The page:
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There was another one near Armidale..Pretty sad.Off memory they trained on Low Level attacks on the abattoir at Guyra.The other run they did was the dam wall at Copeton Dam.Seen one real low level go over me and a friend out near Tingha back in the 90,s .
Guyra Crash

With them pulling more engines I think there would be a few worried heads at GE getting ready to move to Nellis.



posted on Feb, 7 2018 @ 06:40 AM
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a reply to: Blackfinger
I'm betting someone has either changed suppliers/subcontractors or changed production processes.



posted on Feb, 7 2018 @ 05:09 PM
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Reading up on the GE engines Im not sure if our growlers were used the upgraded Ceramic blades.



posted on Feb, 7 2018 @ 08:46 PM
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Two of the three remaining aircraft flew their first mission today, including 306.



posted on Feb, 9 2018 @ 06:54 PM
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The remaining three aircraft have all flown their FCFs after having their engines changed. They've curtailed flying for Red Flag on Fridays so their first official mission is next week. This might result in them staying on for Green Flag as well, since they've missed so much training time.



posted on Feb, 9 2018 @ 10:39 PM
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With new engines I cant see a drama..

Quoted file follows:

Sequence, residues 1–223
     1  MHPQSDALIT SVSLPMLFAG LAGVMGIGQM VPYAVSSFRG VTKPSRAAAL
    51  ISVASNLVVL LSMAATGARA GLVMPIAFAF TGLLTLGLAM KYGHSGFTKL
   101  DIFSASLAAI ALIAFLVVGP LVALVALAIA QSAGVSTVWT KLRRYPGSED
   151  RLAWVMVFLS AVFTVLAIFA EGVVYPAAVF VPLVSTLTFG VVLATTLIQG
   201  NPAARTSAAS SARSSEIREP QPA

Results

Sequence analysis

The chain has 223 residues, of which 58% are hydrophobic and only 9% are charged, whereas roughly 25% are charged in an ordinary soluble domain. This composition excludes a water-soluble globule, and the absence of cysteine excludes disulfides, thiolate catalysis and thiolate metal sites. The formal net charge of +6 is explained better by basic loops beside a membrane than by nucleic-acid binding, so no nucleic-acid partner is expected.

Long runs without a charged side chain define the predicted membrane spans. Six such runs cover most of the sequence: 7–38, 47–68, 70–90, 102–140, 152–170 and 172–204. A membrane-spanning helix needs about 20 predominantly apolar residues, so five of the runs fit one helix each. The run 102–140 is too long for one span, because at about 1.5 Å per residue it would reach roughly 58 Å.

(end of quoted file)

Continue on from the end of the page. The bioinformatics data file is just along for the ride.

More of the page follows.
posted on Feb, 9 2018 @ 10:40 PM
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a reply to: Blackfinger

Until they identify the root cause of the fire, replacing the engines doesn't mean the problem is fixed.



posted on Aug, 18 2018 @ 10:41 PM
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The Australian MoD has confirmed that the Growler has been "removed from service", and they're looking into ways to recover the cost, estimated to be $120M. The high pressure compressor broke into three pieces. One went down, through the bottom of the fuselage and took a chunk out of the runway, one went sideways through the other engine, and the third went up and through the vertical fin, before landing "some distance" away.

www.abc.net.au...



posted on Aug, 18 2018 @ 10:56 PM
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Holy



posted on Aug, 19 2018 @ 06:53 AM
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Yes well, a HPC suffering a catastrophic failure is real cause for concern. I'm betting on it being a manufacturing defect, in which case compensation will eventually ensue. Worse still, is this the only one? The real dilemma now is what the RAAF should do about the loss of one of its 12 new Growlers. They either cut losses and continue with 11 airframes in future, convert one of the earlier F's we bought that were wired up as Growlers in a "fitted for but not with" build standard, or buy a replacement G model and try and reclaim the cost from the manufacturers. Although the RAAF has a history of bringing back aircraft from the dead I doubt this will be one of them due to how extensive the damage is.



posted on Aug, 19 2018 @ 07:51 AM
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a reply to: toysforadults
Just A799 it.